Amnioinfusion for the prevention of the meconium aspiration syndrome. Fraser WD, Hofmeyr J, Lede R, Faron G, Alexander S, Goffinet F, Ohlsson A, Goulet C, Turcot-Lemay L, Prendiville W, Marcoux S, Laperriere L, Roy C, Petrou S, Xu HR, Wei B; Amnioinfusion Trial Group.N Engl J Med. 2005 Sep 1;353(9):946-8.

Study Design:
Randomized controlled trial (nonblinded)

Synopsis:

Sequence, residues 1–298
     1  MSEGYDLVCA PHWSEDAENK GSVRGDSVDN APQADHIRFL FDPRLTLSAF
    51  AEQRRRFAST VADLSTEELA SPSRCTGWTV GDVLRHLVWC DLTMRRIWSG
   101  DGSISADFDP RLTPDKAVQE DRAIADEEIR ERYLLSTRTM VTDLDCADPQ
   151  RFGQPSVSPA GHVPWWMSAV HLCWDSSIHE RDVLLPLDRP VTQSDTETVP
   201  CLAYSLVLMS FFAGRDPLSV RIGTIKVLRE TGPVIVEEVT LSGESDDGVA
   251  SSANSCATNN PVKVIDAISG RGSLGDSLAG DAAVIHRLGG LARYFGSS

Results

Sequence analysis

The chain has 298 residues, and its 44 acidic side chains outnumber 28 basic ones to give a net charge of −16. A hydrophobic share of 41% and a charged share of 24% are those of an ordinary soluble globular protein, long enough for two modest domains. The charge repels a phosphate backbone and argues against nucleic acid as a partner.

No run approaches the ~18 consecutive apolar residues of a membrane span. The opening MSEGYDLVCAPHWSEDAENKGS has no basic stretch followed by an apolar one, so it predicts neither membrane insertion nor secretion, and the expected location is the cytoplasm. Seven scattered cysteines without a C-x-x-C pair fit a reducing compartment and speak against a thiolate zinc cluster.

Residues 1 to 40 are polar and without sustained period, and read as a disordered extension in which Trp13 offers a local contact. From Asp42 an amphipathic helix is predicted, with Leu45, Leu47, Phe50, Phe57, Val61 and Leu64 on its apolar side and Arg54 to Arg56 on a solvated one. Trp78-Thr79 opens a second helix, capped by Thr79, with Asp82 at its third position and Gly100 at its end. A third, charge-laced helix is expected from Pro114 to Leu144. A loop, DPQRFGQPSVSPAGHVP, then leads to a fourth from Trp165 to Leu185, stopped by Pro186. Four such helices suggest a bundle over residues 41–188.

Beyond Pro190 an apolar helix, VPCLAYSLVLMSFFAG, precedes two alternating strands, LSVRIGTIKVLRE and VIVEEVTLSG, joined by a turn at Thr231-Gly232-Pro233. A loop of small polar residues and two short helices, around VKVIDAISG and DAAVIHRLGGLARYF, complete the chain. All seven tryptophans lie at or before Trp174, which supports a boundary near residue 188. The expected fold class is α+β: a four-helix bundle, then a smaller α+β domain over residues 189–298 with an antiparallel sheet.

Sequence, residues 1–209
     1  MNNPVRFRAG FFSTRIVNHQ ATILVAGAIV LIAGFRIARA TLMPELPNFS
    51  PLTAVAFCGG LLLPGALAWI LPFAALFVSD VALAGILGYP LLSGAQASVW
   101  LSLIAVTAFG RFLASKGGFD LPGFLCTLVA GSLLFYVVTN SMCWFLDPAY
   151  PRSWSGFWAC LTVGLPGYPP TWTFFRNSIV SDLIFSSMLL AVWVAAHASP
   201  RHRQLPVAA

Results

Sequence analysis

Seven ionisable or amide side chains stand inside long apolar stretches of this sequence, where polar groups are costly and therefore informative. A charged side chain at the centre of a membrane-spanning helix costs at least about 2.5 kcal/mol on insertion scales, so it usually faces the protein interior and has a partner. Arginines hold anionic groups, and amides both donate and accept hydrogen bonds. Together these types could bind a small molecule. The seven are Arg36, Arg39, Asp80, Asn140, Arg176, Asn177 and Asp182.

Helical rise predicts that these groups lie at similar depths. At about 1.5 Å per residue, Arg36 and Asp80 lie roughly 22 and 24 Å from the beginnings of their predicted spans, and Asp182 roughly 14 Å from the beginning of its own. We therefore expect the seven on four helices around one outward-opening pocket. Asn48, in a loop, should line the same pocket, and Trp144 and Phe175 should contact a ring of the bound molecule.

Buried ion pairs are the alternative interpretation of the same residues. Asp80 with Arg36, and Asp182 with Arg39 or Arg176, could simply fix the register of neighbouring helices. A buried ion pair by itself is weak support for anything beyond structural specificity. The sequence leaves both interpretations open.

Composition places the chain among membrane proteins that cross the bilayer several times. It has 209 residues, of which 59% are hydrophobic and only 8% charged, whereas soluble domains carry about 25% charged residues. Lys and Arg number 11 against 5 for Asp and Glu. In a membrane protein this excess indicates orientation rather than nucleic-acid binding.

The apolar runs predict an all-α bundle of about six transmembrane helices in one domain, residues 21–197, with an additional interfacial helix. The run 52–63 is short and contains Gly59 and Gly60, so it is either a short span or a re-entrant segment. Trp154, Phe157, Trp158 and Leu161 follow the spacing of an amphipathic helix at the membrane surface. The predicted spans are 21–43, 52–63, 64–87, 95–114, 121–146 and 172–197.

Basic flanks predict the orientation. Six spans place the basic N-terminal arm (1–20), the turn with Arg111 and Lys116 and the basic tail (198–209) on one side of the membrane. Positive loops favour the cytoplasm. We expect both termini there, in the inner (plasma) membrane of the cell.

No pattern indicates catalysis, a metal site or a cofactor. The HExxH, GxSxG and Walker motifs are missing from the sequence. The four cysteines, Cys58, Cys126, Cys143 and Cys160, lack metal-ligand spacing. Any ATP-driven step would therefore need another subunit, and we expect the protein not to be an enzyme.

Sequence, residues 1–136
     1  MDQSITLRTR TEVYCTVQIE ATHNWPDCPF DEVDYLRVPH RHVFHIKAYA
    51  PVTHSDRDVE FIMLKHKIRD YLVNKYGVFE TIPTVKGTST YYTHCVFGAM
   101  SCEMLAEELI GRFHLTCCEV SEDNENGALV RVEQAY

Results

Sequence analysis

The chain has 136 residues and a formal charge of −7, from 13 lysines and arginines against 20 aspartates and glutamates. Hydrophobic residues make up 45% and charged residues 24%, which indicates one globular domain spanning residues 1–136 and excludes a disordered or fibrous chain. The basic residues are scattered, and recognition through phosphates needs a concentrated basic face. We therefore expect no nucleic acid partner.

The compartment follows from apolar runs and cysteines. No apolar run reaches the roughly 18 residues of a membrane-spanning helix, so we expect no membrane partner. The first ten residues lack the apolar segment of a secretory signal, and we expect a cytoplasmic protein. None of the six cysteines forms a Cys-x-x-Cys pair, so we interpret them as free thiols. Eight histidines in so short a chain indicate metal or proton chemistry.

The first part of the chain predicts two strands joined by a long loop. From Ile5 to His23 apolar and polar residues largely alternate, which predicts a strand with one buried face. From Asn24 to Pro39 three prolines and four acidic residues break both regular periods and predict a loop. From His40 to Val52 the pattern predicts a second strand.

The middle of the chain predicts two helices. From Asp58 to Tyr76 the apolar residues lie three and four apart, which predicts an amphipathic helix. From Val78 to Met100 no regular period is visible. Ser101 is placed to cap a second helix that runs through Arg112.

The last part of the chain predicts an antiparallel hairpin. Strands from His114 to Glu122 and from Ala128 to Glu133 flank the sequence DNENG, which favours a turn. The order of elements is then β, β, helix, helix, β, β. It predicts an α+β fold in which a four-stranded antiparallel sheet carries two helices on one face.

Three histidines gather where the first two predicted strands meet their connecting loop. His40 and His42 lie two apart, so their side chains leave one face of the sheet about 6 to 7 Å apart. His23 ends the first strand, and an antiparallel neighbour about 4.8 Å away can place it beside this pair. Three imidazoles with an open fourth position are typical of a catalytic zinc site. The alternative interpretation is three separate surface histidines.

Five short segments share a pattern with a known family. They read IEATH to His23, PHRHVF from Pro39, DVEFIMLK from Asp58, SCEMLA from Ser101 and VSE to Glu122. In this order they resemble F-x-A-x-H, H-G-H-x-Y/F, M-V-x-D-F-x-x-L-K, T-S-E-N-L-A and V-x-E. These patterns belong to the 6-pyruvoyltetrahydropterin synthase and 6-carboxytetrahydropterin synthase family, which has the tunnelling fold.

It is uncertain whether amnioinfusion (infusion of saline into the amniotic cavity) in women who have thick meconium staining of the amniotic fluid reduces the risk of perinatal death, moderate or severe meconium aspiration syndrome, or both. We performed a multicenter trial in which 1998 pregnant women in labor at 36 or more weeks of gestation who had thick meconium staining of the amniotic fluid were stratified according to the presence or absence of variable decelerations in fetal heart rate and then randomly assigned to amnioinfusion or to standard care. The composite primary outcome measure was perinatal death, moderate or severe meconium aspiration syndrome, or both. Perinatal death, moderate or severe meconium aspiration syndrome, or both occurred in 44 infants (4.5 percent) of women in the amnioinfusion group and 35 infants (3.5 percent) of women in the control group (relative risk, 1.26; 95 percent confidence interval, 0.82 to 1.95). Five perinatal deaths occurred in the amnioinfusion group and five in the control group. The rate of cesarean delivery was 31.8 percent in the amnioinfusion group and 29.0 percent in the control group (relative risk, 1.10; 95 percent confidence interval, 0.96 to 1.25).